The petitioner, Demario Tabb, appeals the Shelby County Criminal Court's denial of his petition for post-conviction relief. Following a jury trial, the petitioner was convicted of two counts of first degree felony murder and one count of attempted aggravated robbery. He was subsequently sentenced to an effective life sentence without the possibility of parole. On appeal, the petitioner argues that he was denied his Sixth Amendment right to the effective assistance of counsel. Specifically, he contends that counsel was ineffective by failing to remain with the petitioner after a failed proffer session to ensure that he was escorted back to his cell in light of the fact that the petitioner gave an incriminating statement to police after counsel left. Following review of the record, we affirm the judgment of the post- conviction court.

http://www.tba2.org/tba_files/TCCA/2010/tabbd_061410.pdf


Pirated and Bootlegged Movies and Music

TN Attorney General Opinions

Date: 2010-06-14

Opinion Number: 10-82

http://www.tba2.org/tba_files/AG/2010/ag_10_82.pdf

TODAY'S NEWS

Legal News
Career Opportunities
Upcoming
Disciplinary Actions
TBA Member Services

Legal News
Independent enters Hamilton Co. chancellor race
Longtime Chattanooga attorney Arthur C. Grisham will run as an independent in the August election to fill a vacant judgeship on the Hamilton County Chancery Court. He joins Republican candidate Jeffrey Atherton and Democratic candidate Valerie Epstein. Grisham, a solo practioner, has served as president of the Chattanooga Bar Association and as a hearing panel member for the Tennessee Board of Professional Responsibility. He was one of three finalists nominated to serve as interim chancellor following the retirement of Chancellor Howell Peoples, but none of the three have been appointed to the post. Read more about Grisham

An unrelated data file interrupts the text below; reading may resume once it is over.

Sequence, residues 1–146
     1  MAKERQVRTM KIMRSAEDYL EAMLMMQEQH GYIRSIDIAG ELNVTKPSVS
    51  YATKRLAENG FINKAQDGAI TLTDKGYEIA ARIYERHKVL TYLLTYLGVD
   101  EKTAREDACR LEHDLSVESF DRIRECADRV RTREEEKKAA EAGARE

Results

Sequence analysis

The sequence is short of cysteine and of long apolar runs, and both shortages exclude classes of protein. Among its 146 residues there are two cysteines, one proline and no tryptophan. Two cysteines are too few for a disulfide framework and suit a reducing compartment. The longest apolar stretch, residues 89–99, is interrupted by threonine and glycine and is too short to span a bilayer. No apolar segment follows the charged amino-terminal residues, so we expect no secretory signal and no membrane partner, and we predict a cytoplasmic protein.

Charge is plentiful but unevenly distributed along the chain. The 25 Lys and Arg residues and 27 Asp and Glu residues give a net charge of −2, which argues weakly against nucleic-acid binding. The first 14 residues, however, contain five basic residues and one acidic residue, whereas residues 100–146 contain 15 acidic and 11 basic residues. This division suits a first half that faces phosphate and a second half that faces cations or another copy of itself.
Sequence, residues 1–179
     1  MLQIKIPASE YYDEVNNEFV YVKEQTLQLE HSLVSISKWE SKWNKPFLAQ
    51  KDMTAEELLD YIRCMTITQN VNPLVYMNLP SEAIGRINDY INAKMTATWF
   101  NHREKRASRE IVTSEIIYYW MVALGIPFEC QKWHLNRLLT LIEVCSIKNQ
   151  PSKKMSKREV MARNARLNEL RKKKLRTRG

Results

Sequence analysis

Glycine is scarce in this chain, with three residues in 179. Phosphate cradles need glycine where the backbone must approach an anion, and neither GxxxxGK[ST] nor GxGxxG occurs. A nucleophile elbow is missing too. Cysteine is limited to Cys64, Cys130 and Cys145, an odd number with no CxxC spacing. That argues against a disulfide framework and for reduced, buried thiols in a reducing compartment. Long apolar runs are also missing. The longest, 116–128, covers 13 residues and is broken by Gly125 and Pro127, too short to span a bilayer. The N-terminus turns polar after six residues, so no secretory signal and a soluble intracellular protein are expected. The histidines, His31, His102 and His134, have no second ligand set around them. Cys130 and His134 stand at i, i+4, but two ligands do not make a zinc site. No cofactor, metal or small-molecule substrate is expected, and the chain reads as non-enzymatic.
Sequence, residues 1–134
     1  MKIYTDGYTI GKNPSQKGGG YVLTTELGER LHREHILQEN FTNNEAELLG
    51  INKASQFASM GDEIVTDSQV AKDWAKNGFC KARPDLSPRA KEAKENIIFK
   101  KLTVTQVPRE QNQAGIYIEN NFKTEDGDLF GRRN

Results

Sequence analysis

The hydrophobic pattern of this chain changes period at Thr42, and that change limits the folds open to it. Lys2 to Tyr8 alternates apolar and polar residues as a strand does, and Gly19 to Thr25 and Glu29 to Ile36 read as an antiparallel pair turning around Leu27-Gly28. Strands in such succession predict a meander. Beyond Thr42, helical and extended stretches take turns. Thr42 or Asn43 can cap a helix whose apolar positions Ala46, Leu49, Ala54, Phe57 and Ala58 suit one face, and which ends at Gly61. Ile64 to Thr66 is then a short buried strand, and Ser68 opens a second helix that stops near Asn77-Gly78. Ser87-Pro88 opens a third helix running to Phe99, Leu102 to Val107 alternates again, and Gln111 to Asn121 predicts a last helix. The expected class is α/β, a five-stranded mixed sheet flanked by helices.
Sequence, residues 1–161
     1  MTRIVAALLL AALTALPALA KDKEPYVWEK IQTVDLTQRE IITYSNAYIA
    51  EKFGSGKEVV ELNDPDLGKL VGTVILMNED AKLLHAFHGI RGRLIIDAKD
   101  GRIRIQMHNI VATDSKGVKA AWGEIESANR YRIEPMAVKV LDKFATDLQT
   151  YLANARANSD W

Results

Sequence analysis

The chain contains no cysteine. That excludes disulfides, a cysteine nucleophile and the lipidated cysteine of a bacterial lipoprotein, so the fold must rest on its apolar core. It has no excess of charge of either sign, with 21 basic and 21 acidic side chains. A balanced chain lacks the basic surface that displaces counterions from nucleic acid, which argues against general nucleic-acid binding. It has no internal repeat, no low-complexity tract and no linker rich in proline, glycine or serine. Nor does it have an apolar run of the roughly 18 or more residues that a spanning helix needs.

The Times Free Press has the news
Firm's new partner worked as public defender
Former Metropolitan Nashville and federal public defender, Jay Steed, has joined the law firm of Jones, Hawkins & Farmer as partner. Steed earned his law degree in 1999 from Duke University and spent five years as assistant public defender in Nashville. He then took a similar role at the federal public defender's office for the Middle District of Tennessee. In his new position, Steed will practice in the areas of criminal defense and civil litigation.
The Nashville Post announced the move (subscription required)
East Tenn. public defender sentenced and fined for DUI
East Tennessee public defender David Bautista, who recently served as the first chair of the state's new Judicial Nominating Commission, has been sentenced to two days in jail and fined $350 after pleading guilty to driving under the influence. He entered his plea before Carter County General Sessions Judge John Walton on Friday afternoon. His jail term will begin on Aug. 13.
The Johnson City Press reports
Bartlett judge imposes dress code in the court
Bartlett Municipal Judge Freeman Marr has imposed a dress code in his court: no hats or caps; tank, halter or midriff tops; mini-skirts or shorts; bare feet or flip-flops: or t-shirts with inappropriate logos or wording. In addition, all shirts must be tucked inside pants and pants must be worn at the waist. If someone comes into court without proper dress, court officials say, they can either leave, change clothes and return, or have their case continued.
The Commercial Appeal reports
Judge says Louisiana AG can investigate BP